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He emphasised that not only Centre-state fiscal issues, but fiscal issues between the state and the third-tier i.e. panchayats and corporations also need to be discussed in the Inter-State Council meetings which are extremely important. The council, he added, should also deliberate on fund allocation and micro-level implementations.

Uday Shankar, the registrar and professor of law at Hidayatullah National Law University, Raipur, spoke on the role and functions of the governor. He said that there are two structures of federalism, one is “holding together”, which is seen in India, and the other is “coming together”, which is seen in the US. He added that the power is tilted towards the Centre as per the Constitution because it has to keep the states together. Shankar said that in this context, the governor plays two roles: i.e. he represents the Centre and is also part of the state legislature.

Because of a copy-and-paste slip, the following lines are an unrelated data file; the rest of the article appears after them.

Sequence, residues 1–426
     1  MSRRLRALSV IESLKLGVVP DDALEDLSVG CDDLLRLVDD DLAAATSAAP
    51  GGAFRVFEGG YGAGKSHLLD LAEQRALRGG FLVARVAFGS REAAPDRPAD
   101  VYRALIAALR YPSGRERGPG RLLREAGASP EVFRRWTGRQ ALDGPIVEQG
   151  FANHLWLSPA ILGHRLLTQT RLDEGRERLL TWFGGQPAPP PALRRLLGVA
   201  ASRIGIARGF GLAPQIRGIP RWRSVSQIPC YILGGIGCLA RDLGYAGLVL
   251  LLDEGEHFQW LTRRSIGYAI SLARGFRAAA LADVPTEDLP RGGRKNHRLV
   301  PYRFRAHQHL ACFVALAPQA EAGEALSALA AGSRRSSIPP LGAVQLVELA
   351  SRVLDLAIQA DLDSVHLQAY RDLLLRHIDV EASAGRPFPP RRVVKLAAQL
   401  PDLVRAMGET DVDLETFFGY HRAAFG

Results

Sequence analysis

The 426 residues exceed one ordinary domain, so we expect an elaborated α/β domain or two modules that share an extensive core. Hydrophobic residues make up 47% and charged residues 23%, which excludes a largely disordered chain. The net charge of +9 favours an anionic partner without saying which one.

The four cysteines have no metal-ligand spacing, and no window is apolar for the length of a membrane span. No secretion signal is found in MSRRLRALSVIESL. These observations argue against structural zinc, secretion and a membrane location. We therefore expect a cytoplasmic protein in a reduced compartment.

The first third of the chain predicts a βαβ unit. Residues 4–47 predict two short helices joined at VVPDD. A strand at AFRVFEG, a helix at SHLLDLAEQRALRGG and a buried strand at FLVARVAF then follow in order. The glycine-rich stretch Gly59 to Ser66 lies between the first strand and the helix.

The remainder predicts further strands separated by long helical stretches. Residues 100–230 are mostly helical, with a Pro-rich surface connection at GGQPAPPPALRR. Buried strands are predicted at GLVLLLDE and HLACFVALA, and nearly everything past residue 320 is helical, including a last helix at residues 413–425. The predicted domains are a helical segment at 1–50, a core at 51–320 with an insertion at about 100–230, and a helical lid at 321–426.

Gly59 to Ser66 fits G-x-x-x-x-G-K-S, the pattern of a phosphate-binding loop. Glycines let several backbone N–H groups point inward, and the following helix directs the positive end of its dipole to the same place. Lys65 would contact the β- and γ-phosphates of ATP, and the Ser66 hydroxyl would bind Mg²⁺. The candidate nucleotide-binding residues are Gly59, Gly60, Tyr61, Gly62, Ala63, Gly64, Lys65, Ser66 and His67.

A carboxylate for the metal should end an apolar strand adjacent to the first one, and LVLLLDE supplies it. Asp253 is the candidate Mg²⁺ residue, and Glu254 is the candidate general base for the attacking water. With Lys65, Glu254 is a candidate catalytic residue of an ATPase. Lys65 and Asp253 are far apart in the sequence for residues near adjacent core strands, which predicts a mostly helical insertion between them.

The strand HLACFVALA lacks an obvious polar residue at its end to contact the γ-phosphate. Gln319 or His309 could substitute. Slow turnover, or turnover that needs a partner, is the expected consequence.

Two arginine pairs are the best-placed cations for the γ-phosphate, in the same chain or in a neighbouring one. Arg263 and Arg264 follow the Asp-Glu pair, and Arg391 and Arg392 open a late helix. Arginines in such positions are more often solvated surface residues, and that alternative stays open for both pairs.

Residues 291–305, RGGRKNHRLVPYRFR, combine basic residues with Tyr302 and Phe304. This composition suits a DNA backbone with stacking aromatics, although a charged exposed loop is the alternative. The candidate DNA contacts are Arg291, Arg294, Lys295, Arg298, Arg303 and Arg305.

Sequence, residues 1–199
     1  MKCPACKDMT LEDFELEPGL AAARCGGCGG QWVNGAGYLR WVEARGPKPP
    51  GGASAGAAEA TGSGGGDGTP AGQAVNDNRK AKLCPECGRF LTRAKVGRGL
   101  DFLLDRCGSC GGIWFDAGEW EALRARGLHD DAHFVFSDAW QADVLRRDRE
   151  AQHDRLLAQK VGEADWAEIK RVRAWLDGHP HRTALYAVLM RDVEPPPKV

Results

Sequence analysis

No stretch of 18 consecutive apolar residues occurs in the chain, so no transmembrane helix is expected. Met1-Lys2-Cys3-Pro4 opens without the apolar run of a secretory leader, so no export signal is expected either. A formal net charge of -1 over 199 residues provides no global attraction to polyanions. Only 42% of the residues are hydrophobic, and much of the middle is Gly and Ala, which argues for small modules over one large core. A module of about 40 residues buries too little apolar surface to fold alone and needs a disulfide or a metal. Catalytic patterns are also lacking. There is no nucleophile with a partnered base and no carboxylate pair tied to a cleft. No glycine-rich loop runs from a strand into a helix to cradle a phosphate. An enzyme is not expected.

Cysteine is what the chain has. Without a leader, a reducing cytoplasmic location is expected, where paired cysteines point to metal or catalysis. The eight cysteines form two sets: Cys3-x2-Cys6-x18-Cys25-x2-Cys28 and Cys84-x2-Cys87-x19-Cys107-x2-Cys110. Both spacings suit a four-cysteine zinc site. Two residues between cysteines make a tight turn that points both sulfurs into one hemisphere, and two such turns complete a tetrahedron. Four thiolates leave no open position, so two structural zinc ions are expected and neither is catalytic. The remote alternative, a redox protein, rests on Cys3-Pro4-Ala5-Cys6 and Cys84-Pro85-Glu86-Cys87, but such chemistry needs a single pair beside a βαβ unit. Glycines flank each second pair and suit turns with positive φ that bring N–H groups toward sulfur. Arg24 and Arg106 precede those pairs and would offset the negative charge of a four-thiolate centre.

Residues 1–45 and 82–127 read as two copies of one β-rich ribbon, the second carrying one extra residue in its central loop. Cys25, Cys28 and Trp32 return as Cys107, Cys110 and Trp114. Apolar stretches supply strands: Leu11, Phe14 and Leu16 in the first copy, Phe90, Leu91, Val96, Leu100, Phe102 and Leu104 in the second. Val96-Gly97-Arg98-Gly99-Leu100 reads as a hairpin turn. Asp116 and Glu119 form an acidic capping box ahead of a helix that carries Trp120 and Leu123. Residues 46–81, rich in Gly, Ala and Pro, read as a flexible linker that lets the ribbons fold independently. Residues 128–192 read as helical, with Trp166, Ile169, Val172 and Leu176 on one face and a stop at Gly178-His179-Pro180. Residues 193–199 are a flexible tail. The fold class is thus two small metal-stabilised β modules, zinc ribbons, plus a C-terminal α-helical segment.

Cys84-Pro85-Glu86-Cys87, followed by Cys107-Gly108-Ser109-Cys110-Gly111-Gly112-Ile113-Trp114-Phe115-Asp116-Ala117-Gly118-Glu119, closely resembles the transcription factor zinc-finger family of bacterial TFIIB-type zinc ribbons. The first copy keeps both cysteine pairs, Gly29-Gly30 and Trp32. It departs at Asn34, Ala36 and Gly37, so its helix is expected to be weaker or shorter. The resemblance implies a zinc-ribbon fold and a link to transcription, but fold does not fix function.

“Interestingly the oath taken by the governor is to defend the Constitution and…that they will devote themselves for the serving and well-being of the people of the state…(Therefore) the appointment and removal of the governor have been a matter of controversy as the states have no say in it,” Shankar said.

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He added that since a governor has discretionary power, like giving assent to a bill, the governor takes his own time to give assent as the Constitution also does not provide any kind of guidelines on the time frame. For accountability, there needs to be a time frame, Shankar said. He added that even the Supreme Court through its last judgments has emphasised the balance between Centre-state relations vis-a-vis the role of the governor.